SLIC is commited to innovation, proficiency and inclusion and therefore regularly contributes to consultations about the library and information sector.

On this page you will find our official consultation responses over recent years. If you would like more information on consultations we have taken part in please get in touch.

In February 2014 the UK Government's department of Culture, Media & Sport published a consultation on the extension of the Public Lending Right to Rights of holders of books in non-print formats. 

SLIC and CILIPS produced a joint response to the consultation. The SLIC and CILIPS Public Lending Right Response advocated a detailed implementation plan to the proposed expansion of the PLR scheme.

The Royal Society of Edinburgh launched a Digital Participation Inquiry in 2013, to explore how digital technologies and the internet were used by the public, businesses, government and charities on a day-to-day basis.

As well as examining the opportunities digital technologies offered to both people and businesses online, it explored why many remain offline despite digital exclusion often leading to increasing exclusion from society and the economy.

In June of that year SLIC produced an official response to the RSE Inquiry, which tackled the obstacles and incentives of digital participation.  

In December 2013, the Royal Society of Edinburgh published an Interim Report on the findings emerging from its Digital Participation Inquiry.

It explored how barriers to digital inclusion could be overcome so that everyone in Scotland can benefit from the digital revolution. The SLIC official response to the Interim Report highlighted how Scotland's public library network could make a substantial contribution to key issues such as access, motivation and skills.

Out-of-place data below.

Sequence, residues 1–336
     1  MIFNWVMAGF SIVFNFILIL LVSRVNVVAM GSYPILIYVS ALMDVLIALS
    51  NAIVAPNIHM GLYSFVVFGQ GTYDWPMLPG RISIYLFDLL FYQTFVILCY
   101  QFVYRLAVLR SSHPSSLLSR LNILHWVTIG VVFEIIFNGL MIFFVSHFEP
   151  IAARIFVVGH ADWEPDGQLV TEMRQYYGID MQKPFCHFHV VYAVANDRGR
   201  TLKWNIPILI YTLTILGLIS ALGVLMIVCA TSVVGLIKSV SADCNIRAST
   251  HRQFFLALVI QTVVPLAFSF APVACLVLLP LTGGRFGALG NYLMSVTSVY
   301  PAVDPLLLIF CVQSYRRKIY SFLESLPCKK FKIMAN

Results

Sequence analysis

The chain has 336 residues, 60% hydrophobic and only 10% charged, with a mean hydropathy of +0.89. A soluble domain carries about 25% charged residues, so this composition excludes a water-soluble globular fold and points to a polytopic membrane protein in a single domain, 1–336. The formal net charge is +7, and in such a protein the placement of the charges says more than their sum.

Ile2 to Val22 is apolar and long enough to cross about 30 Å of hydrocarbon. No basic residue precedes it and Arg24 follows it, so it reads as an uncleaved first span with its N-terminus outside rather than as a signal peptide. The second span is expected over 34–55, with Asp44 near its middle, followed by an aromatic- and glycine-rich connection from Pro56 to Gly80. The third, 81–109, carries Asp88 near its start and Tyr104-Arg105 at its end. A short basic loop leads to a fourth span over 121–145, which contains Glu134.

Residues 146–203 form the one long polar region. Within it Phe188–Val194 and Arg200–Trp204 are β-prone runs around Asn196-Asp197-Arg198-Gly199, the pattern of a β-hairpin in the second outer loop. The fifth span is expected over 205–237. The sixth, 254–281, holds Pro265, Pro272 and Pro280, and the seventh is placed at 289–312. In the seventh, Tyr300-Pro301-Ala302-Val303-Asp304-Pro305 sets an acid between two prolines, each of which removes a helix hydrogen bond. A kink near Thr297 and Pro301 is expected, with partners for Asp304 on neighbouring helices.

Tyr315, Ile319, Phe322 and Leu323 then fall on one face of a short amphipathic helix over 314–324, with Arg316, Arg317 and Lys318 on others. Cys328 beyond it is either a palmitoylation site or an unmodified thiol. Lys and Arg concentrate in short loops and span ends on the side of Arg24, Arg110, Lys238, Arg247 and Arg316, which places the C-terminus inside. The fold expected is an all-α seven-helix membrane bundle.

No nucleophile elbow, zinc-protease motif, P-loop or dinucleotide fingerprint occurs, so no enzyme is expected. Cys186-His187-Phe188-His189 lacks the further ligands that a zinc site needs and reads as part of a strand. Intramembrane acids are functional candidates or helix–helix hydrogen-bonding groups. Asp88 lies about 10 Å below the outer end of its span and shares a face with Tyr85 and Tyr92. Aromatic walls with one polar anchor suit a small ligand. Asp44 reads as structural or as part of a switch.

The Inquiry’s final report was then published on 30 April 2014.

 

A review of the enterprise and skills support provided by Scotland's economic development and skills agencies was established by Keith Brown, the Cabinet Secretary for the Economy, Jobs and Fair Work, in May 2016. The review aims to ensure Scotland's businesses, workforce, training providers, young people, colleges and universitites are all receiving the support they need.

SLIC's contribution to the Enterprise & Skills Review looks at the strengths and weaknesses of the current approach and what needs to change. Evidence collected by the review is now being broken down into related individual projects with a lead Director, Deputy Director, team leader and project plan. The findings of the review are due to be published later this year.

In late 2016 SLIC contributed to an online interactive discussion on the Scottish Government's Digital Strategy refresh. The current strategy, published in 2011, describes actions to enhance digital connectivity, increase economic growth and activity by growing the digital economy, promote digital participation and develop digital public services. 

While the overarching aims of the strategy are still relevant, many of the actions described have been delivered over the past five years. The nature of digital and the pace of change has also evolved during this time making a refresh particularly timely.

SLIC's Digital Strategy Consultation Response focuses of three key ideas, namely:

  • The creation of advanced Technology Hubs throughout Scotland's network of public libraries.
  • Establishing a National Technology Monitoring System for the public and third sector. 
  • A definition of Digital Literacy by the Scottish Government.